A - Like most musicians I started playing other people's music. I used to learn songs off great records like Beatles records and Led Zeppelin records. I used to sing Top 40 way back in the day, back in the late '80s in Syracuse. It was like Vocal 101 for me. That was like going to school for singing, only I got paid for it, which was beautiful. So, yeah, my whole beginning is kind of unusual in that I hopped on the train and went to Boston and started singing in the streets and subways. I built my career from that. I didn't just have a couple of good songs and a guy with a big cigar came and gave me a big fat check and a record deal and made me a star. I have had a very slow and steady growth as an artist and as a business person. It's been a great ride. It's been a career. It's been fruitful. I'm really happy about the fan base I have. They keep coming. They're very galvanized. They're not casual. They don't all show up one year and not the next. It's pretty much they keep coming back. I think they connect with the personal nature of my songs. My songs are all pretty simple and honest and human. I think most people can identify with at least a couple of them.

Q - How are you marketed? Are they trying to get airplay on satellite radio for you? What do they do to sell you CDs?

A - I own my own record label, so the "they" is me and my team. There's no real "they" because it's me and my team. I've got a radio promoter. They get me on not only satellite, but on all kinds of radio stations in North America with more of a leaning towards collage and NPR type stations. We have a publicist who gets up press. My distributor gets the records out in the stores. My manager kind of oversees everything. My booking agent gets me the dates. So, there's no real "them." There was a them at one point, when I was with Atlantic Records and that was all well and good. But, I just felt the need to move on and be independent. And it's a great time in the world now to be an independent artist.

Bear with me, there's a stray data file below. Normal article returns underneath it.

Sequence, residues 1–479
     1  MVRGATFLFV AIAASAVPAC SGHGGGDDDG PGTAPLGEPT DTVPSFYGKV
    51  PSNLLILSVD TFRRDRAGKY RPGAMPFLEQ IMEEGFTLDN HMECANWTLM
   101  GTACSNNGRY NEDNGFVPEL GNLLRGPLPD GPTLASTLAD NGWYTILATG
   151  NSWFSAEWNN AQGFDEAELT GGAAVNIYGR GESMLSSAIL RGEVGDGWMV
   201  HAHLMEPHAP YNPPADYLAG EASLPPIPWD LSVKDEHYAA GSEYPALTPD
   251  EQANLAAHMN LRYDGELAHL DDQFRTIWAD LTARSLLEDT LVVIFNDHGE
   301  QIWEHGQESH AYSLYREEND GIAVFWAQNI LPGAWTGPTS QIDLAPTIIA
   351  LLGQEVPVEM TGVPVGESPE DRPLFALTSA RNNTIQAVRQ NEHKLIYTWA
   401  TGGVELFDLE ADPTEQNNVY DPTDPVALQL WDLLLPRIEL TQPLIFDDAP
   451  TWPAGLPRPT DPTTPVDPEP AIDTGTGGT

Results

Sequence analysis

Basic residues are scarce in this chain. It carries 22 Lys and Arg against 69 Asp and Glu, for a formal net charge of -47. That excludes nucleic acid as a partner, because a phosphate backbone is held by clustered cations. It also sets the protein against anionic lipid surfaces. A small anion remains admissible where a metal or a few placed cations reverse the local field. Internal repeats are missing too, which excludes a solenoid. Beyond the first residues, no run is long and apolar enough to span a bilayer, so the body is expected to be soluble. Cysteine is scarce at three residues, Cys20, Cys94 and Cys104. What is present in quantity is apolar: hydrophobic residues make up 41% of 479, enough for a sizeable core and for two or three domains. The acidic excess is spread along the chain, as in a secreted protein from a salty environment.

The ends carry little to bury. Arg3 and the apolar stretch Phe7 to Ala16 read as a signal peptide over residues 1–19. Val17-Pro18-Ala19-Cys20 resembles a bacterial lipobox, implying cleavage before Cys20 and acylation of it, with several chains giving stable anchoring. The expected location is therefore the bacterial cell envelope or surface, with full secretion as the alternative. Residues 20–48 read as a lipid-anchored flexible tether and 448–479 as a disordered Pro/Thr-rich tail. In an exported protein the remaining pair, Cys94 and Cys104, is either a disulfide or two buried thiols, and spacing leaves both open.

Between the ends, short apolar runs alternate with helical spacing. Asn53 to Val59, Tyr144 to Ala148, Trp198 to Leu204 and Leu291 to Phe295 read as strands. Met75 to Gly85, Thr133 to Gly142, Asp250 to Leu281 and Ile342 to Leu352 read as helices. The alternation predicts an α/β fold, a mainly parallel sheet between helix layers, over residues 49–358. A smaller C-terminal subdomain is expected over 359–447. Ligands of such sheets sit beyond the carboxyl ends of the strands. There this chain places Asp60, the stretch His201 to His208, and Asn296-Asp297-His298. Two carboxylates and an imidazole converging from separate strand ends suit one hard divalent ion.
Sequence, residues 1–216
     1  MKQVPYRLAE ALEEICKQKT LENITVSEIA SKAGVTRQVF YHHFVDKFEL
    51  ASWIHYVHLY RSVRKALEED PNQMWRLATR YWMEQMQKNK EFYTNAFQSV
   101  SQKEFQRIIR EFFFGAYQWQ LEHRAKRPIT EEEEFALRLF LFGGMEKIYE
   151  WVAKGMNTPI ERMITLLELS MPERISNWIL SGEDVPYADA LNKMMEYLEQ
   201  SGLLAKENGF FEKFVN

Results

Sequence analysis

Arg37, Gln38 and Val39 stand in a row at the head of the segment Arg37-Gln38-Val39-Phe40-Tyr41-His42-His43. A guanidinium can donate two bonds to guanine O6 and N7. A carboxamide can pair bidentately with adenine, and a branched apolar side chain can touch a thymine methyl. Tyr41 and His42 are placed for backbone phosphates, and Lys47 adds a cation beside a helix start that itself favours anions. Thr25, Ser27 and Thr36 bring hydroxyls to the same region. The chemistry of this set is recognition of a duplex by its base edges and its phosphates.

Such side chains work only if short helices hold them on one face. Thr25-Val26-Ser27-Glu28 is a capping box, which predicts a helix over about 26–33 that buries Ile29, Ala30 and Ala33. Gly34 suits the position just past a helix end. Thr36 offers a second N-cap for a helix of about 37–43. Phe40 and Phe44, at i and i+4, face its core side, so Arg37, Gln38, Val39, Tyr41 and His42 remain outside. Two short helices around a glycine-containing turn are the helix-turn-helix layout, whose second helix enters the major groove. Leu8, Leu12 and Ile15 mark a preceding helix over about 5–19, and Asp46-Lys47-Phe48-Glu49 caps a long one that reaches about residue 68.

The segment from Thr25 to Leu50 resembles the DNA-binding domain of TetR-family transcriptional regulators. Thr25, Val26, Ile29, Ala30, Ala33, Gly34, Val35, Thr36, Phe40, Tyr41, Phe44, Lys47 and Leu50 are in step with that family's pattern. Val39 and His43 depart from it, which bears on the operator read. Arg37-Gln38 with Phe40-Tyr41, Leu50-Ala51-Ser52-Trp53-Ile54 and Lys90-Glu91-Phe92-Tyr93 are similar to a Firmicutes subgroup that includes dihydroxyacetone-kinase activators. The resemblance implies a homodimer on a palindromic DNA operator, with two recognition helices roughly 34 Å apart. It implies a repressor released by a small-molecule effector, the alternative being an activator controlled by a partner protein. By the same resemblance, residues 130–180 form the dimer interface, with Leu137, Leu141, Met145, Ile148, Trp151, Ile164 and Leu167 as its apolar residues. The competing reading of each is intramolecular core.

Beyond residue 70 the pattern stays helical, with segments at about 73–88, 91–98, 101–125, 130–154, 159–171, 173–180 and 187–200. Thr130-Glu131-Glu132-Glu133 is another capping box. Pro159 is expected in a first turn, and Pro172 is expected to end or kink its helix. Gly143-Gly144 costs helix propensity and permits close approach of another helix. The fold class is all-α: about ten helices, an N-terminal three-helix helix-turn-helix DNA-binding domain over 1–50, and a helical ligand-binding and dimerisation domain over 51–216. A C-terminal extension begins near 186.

Q - When you left Syracuse for Boston, why did you choose Boston? Why didn't you go to New York, Nashville or Los Angeles?

A - 'Cause at the time I didn't know that I was a singer / songwriter guy that I am now. I figured a guy in a Funk band or something. I even took some auditions for some bands in the early '90s. It just never panned out and only after I landed in the subway and street did I sort of discover the singer / songwriter guy I am right now. The reason I chose Boston was simply because I had a brother there who could put me up until I got my feet on the ground. And I thought it was a little more friendly than New York, I think at the time. I think my little nest egg that had saved up would probably have served me better in Boston than New York. I think it was a good choice. I think I have the Folk label that I've had over the years in a direct result of going to Boston and not New York or L.A. because what was coming out of Boston at the time is, if you were a guy who wrote your own songs, you were a Folk singer. So, I think that's why I got that Folk tag. I don't get it as much as I used to because I think people recognize there's so much more to what I do than just Folk.

Q - When you started singing in the subway, how long did it take you to get signed with Atlantic Records?

A - Well, first I did that for a couple of years. Then I put a record out on a little Indy (independent) label, my "Black Sheep" album and I worked that around North America for a couple of years, around '96, '97. Then with that came more attention. I got a new manager and she landed me a deal with Atlantic Records 'cause they could see I could sing and I could play and I had a track history already. So, it wasn't a big departure getting on a major label at that point. And I put out two records with them that I like. I have good memories of working with them. They didn't control me or throw me any major curve balls. They let me produce my second record, called "Wonder Bar". It felt good, but I knew after "Wonder Bar" I really was going to be better off just being independent. So I put out a double 'live' album on my own label. I got out of the deal with Atlantic and that double 'live' album was sort of the cash cow to fund my little label called Kitchen Table Records. Ever since then it's been a wonderful ride. I sell more records, more tickets than I ever have as an independent artist than I ever did on a major.